WASHINGTON and NEW YORK, July 13, 2012 /PRNewswire-USNewswire/ -- The Leon H. Sullivan Foundation and The Passport Project have partnered to help 50 "Afripolitans" make a voyage to West Africa by donating the cost of a passport to a college-aged young person. Afripolitans as defined by the Sullivan Foundation are leaders under age 40 who seek to make dynamic change in the world, which includes defining Africa in terms beyond foreign humanitarian aid. The trip is a part of the 9th Leon H. Sullivan Summit being held August 20-24 in Equatorial Guinea.
According to the World Bank, 200 million people in Africa are between the ages of 15-24. "We really wanted an opportunity to engage young people in the exciting things happening on the continent and this partnership helps us bridge that gap and focus on the next generation of leaders," says Hope Sullivan Masters, CEO of the Sullivan Foundation and daughter of the late Rev. Leon H. Sullivan. Rev. Sullivan, famous for his Sullivan Principles around human rights and corporate responsibility, began the summits as a way to open dialogue and investment between African Americans and Africa. The goals of the summit focus on inclusive growth and self-sufficiency. This year's summit is chaired by former President of Ghana, the Hon. John A. Kufuor and will be attended by U.S. Government officials and many Heads of State and government officials from Africa and Latin America and corporate entities from the energy, telecoms, mining, finance, and agriculture industries.
"This partnership aligns with what we are doing with Passport Project - giving young people the keys they need to unlock the door to the world and realize their full potentials," says Kenji Summers, Founder of Passport Project. The select group of 50 Afripolitans includes founders of non-profit organizations, leaders in the public and private sector, as well as a network of creatives in the arts. "I am elated to be a member of an amazing initiative that values our voices enough to invest in our participation and can't wait to build and network with other participants," says Inez Nelson, Director of Immersion Excursions, a boutique volun-tourism travel agency.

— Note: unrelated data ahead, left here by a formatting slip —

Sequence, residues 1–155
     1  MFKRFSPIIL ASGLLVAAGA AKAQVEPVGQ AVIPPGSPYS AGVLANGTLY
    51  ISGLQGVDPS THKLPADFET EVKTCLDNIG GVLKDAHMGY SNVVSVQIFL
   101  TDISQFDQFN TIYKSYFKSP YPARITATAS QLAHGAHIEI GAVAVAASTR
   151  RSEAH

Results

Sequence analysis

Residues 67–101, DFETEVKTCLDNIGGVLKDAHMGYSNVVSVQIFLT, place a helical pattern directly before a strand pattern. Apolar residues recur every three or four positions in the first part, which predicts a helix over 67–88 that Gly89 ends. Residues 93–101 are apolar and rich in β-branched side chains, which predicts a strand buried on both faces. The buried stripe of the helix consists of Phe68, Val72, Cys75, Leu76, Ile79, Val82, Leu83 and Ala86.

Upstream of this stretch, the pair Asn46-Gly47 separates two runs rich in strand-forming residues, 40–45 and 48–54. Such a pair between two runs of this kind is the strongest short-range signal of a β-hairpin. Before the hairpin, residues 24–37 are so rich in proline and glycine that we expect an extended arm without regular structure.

Persons interested in attending the summit have until August 1, 2012 to register. The cost of registration is $2012 USD and includes chartered air travel, accommodations, and all delegate events.
About the Leon H. Sullivan Summit: The Leon H. Sullivan Summit, an initiative of the Leon H. Sullivan Foundation was the first internationally recognized Summit of world leaders, convened on African soil, by a non-governmental private foundation. Held biennially in an African nation, the Summits have hosted high-level U.S. Government officials, including former U.S. Presidents Bill Clinton and George W. Bush, as well as former U.S. Secretaries of State Colin Powell and Condoleezza Rice. Since 1991, more than 20,000 people from the United States and across Africa have attended the Summits and more than $180 billion of debt relief from developed nations has been forgiven through the work of the Summits. More information can be found at www.SullivanSummit.org.
About the Passport Project: Passport Project was founded to address the need of young people, starting with Americans, to have passports, travel, and participate in global culture in order to create change in a world that is in flux. In response to more Americans logging on to Facebook than holding a passport, the Marcus Graham Project's GO Fund Director, Kenji Summers, used the non-profit's diverse network to start a movement of creative professionals who have a passion in developing our youth into global citizens.
SOURCE Leon H. Sullivan Foundation